Several sectors have buildings whose layout is easily discernible. The great north-south alignment, fifty metres west of the temples, shows a series of buildings whose floor plans are particularly clear. This type of isolated building, showing only one or two phases of construction, helps us unpick the tangle of post holes in the densest sectors of the settlement. This has enabled 350 construction plans to be identified. Their analysis has provided a classification offering some perspectives on their function. Less than twenty years ago, only a few construction plans, showing gables on two load bearing posts at each end (cut-off corners forming an apse shape), were known, and interpreted with some caution. We now know that this type of building was widely represented in all Gallic villages and farms. The hipped roof enabled the load to be evenly distributed, with less pressure on the side walls. It also protected the gable from bad weather. The buildings constructed on 4, 6 or 8 load-bearing posts are the most complex to untangle from among the bunches of post holes. The ones with a grain store are clearly houses, but the functions of others are more diverse and reflect the needs of an agro-pastoral community.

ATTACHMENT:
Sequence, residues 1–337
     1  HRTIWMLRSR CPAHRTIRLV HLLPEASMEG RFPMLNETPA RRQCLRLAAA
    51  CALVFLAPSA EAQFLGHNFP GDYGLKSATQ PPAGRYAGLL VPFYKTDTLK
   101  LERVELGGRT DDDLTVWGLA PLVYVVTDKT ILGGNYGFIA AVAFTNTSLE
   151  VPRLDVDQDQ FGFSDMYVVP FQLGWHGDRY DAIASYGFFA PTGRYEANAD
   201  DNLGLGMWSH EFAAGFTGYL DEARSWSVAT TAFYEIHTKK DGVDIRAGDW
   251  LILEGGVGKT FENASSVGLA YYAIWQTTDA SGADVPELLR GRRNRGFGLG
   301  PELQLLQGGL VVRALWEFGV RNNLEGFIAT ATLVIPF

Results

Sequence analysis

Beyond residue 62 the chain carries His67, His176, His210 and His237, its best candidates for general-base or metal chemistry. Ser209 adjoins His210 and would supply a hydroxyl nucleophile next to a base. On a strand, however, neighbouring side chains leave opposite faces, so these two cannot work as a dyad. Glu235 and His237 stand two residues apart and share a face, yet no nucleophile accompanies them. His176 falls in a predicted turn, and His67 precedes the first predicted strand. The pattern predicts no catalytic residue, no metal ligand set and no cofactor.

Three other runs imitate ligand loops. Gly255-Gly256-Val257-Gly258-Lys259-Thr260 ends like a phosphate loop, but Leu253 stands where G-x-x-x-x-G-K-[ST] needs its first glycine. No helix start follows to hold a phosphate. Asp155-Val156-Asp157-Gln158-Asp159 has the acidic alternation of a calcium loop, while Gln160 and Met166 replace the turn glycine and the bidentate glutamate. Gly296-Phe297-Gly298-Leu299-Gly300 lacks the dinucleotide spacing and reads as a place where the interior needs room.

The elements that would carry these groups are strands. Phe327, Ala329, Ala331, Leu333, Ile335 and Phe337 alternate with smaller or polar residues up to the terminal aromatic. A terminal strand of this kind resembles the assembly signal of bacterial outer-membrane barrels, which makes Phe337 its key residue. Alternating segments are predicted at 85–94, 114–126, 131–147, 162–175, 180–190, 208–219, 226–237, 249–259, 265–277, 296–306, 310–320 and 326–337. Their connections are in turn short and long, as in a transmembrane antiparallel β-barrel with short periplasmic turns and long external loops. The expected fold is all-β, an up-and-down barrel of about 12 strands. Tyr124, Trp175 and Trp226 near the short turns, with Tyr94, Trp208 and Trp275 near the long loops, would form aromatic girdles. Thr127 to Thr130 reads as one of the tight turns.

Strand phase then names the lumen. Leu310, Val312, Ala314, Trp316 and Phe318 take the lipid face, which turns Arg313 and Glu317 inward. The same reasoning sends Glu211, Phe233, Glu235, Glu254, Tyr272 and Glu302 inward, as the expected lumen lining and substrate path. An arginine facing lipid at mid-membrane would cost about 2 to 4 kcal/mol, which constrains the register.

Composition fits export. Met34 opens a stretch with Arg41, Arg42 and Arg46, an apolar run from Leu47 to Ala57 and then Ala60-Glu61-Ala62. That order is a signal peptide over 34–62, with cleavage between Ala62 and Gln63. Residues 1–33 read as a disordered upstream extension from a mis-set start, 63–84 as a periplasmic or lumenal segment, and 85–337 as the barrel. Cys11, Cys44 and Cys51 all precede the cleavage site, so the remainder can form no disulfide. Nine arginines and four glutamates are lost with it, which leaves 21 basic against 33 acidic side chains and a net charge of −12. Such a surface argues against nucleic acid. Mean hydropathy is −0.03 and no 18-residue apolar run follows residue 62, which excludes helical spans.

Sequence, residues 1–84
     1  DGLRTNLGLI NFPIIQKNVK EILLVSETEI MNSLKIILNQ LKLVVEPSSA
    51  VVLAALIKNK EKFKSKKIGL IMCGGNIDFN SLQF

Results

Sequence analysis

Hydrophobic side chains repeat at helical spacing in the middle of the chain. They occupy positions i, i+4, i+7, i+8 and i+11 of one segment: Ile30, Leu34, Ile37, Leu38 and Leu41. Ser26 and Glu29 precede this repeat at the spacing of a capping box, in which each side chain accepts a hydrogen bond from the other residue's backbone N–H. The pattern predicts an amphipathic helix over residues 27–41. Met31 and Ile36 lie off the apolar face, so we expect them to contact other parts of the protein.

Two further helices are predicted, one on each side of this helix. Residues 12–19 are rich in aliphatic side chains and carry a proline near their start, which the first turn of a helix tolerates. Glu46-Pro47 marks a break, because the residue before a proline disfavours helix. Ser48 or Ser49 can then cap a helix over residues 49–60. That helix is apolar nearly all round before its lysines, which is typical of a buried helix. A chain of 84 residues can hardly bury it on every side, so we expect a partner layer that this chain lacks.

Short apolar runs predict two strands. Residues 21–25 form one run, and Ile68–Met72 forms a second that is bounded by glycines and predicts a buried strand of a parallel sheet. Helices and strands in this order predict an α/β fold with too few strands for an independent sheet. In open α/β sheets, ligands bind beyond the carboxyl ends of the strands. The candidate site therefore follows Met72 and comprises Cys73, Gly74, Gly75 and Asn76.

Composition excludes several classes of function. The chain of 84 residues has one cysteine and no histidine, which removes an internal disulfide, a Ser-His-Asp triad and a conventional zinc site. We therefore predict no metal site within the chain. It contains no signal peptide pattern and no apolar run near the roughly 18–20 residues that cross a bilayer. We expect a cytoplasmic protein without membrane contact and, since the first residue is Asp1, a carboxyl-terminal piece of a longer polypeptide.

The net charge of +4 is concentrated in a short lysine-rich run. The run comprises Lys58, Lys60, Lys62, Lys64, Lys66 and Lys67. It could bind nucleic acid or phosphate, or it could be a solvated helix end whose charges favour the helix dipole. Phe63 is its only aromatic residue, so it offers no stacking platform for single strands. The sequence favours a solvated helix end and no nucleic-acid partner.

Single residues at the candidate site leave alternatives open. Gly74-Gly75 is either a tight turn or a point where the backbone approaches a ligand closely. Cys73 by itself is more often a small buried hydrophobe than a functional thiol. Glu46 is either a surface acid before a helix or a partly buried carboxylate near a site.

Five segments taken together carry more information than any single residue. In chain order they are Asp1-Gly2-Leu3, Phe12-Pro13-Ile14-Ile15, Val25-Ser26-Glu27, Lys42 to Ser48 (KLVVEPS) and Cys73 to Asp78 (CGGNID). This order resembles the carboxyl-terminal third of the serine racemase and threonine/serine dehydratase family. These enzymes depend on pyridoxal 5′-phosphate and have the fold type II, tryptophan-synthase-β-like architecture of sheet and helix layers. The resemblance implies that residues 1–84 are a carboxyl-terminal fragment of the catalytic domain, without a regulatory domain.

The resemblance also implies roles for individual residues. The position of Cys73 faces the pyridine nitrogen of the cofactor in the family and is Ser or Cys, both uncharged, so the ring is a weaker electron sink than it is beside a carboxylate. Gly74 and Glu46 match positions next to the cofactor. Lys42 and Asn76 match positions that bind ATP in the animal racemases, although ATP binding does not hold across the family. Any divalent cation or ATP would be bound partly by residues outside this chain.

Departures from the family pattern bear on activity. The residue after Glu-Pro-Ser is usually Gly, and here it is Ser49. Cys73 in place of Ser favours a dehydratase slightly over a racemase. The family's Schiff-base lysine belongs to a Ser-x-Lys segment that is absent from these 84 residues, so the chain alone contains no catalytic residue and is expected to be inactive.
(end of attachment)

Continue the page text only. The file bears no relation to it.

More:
The layouts of all these buildings are very geometric and the use of a basic technique centred on Pythagoras's theorem is very clear. This simple technique for obtaining a right angle requires nothing more than several knots spaced evenly along a piece of string. The ratio of 4 to 3 (elongation index 1.33) is applied to houses with two apses in which the size of sawn weight-bearing posts was carefully selected: strong corner posts, intermediate posts in smaller walls and lightweight posts for the gables.